It’s a very curious thing when advertising somehow finds itself located directly on our red-hot cultural dividing line.
As everyone knows, Grey’s Gillette ad, released more than ten days ago, was the talk of the chattering classes last week. Beyond the countless hashtags and boycott posts and talking head soundbites, it also inspired this awkward tweet, a right-wing rebuttal, a bunch of surveys and some videos of young people responding to the spot itself, like this one.
All the attention paid to this ad has been a mixed blessing, to say the least.
Most obviously, P&G has been defending its work, stating that the ad achieved its goal of “sparking a conversation” and will continue running. In response to a recent query, a company spokesperson wrote, “We too see and believe in the best of men, as is shown in the second half of the spot. As the Gillette campaign continues, the celebration of who we are at our best will become even more obvious.”
In other words, there’s more to come. For now, the responses have been more extreme than we initially thought.
Former Ku Klux Klan leader David Duke went so far as to remind his followers that Grey was co-founded by a Jewish man.
“The ad, created by the brand’s ad agency Grey”
Grey Global Group was founded by Lawrence Valenstein–😕 https://t.co/vmWZjc4sDi
— David Duke (@DrDavidDuke) January 15, 2019
Multiple parties also tell us that Grey executives have been receiving a fairly regular stream of hate mail.
We know this to be true because some of the messages have been forwarded to us anonymously, though the scale is unclear.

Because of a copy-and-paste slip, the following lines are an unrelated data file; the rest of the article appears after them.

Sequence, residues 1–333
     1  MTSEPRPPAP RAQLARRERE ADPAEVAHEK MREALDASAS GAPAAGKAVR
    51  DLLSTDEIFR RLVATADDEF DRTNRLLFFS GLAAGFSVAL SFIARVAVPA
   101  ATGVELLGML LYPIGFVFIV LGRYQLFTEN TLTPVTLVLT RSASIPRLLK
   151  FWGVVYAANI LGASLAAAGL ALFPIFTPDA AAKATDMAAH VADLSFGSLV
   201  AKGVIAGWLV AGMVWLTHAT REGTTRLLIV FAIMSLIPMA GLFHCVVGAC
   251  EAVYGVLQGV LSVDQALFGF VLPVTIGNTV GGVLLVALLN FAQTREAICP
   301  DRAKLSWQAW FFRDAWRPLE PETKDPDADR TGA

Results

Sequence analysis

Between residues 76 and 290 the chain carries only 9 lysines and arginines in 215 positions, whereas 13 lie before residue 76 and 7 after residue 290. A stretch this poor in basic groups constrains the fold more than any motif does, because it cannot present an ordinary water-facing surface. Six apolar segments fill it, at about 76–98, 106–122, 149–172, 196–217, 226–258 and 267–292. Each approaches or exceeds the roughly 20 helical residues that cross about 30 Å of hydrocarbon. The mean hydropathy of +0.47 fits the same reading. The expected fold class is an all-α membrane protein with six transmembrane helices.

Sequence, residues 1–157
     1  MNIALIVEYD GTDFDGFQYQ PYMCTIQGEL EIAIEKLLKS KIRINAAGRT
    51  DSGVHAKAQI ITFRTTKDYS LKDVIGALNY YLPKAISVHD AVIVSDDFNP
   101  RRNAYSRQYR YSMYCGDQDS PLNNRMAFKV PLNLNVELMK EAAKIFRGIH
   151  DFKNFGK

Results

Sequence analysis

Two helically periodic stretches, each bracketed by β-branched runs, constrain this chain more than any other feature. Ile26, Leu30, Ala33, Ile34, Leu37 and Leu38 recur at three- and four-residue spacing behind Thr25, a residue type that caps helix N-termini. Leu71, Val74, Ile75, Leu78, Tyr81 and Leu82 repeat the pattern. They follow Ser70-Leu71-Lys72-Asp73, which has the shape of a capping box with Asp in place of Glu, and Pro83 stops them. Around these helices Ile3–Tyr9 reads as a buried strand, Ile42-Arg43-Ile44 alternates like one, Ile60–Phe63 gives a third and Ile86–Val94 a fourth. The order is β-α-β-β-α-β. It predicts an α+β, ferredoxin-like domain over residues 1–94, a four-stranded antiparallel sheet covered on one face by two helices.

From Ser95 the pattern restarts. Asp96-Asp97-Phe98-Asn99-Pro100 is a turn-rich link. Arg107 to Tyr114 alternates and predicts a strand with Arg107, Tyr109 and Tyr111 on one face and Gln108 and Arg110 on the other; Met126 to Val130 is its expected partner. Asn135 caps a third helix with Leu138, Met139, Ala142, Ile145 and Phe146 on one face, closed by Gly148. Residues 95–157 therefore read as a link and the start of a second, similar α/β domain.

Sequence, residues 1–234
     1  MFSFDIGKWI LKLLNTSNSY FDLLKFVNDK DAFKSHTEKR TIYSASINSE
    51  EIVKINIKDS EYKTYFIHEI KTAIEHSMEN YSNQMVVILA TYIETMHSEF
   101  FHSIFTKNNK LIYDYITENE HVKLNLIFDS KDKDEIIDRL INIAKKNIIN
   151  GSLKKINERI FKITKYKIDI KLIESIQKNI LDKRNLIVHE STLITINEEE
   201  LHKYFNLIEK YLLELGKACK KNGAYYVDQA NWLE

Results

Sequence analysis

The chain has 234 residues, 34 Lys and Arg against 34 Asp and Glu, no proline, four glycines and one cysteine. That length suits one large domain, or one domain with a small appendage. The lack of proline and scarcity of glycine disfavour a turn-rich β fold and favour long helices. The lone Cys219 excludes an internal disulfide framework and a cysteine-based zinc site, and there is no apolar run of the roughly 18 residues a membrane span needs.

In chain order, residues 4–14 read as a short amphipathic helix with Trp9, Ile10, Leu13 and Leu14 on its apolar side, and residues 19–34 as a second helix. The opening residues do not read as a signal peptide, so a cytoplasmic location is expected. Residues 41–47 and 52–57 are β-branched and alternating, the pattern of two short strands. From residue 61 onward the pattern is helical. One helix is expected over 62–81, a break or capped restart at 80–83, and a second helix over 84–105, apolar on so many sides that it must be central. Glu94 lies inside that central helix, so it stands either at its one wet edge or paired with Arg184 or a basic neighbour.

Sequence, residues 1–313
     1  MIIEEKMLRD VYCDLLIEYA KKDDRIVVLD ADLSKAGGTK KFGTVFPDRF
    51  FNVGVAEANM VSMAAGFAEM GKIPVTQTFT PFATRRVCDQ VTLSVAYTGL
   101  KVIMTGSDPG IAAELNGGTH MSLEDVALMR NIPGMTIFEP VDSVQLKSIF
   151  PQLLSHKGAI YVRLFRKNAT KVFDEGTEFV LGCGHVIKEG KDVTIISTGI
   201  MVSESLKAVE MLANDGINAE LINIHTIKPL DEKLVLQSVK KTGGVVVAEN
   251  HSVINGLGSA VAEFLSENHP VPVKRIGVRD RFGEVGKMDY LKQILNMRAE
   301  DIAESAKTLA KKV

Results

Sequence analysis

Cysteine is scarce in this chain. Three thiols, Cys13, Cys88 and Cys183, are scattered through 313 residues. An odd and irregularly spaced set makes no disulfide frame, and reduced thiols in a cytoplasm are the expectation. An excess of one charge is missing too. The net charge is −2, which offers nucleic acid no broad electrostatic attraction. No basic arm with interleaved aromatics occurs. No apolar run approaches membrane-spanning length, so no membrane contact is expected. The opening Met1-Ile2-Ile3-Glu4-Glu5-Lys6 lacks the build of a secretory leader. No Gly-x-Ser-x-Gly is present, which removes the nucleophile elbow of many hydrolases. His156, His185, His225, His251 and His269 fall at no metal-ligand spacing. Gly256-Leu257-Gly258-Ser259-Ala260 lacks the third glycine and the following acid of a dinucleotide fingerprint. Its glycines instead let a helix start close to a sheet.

The writers of the emails we’ve seen appear to have found agency contacts in press materials and proceeded to blanket both parties with complaints, many of which unsurprisingly include the word “misandry.” Our sources also say some people involved in the project, including director Kim Gherig of “This Girl Can” fame, have received outright death threats.
Despite all of this, the campaign does not appear to be hurting the client. While P&G’s CFO told reporters this week that Gillette sales are currently “in-line with pre-campaign levels,” another marketing executive claimed they have been up roughly 10-15 percent.
In response to a request for further comment, a client representative said, “there have been emotions that run high on both ends of the spectrum as you can see from any sampling of comments on Twitter or YouTube. And in a sad testament to the ‘current state of play’ not all of that discussion has been kind or respectful, especially on channels where people can post anonymously.”
“We’re not the first brand to see some of this, and we’re not going to dignify it with a response,” he added. “We respect the broad range of opinions on the ad and the broader issue, but have no time or energy for those that cross the line.”
Regarding Gillette sales, the rep said it’s still too early to tell whether the campaign will have a significant impact, noting that razors have a particularly long sales cycle. “We continue to acquire new users via the Gillette Shave Club and have not seen any immediate softening of our broader retail business,” he said.
A Grey spokesperson deferred to the client. Now we are even more curious to see how the brand follows this one up.